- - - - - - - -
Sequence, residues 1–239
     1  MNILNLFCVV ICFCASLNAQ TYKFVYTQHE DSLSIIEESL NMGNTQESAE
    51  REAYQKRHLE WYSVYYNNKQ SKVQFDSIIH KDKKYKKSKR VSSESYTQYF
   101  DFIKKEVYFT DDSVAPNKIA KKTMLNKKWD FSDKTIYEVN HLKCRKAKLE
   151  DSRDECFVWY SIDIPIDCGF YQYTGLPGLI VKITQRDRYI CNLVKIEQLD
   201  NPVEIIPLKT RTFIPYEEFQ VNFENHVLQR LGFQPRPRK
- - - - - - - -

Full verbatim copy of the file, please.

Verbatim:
Sequence, residues 1–239
     1  MNILNLFCVV ICFCASLNAQ TYKFVYTQHE DSLSIIEESL NMGNTQESAE
    51  REAYQKRHLE WYSVYYNNKQ SKVQFDSIIH KDKKYKKSKR VSSESYTQYF
   101  DFIKKEVYFT DDSVAPNKIA KKTMLNKKWD FSDKTIYEVN HLKCRKAKLE
   151  DSRDECFVWY SIDIPIDCGF YQYTGLPGLI VKITQRDRYI CNLVKIEQLD
   201  NPVEIIPLKT RTFIPYEEFQ VNFENHVLQR LGFQPRPRK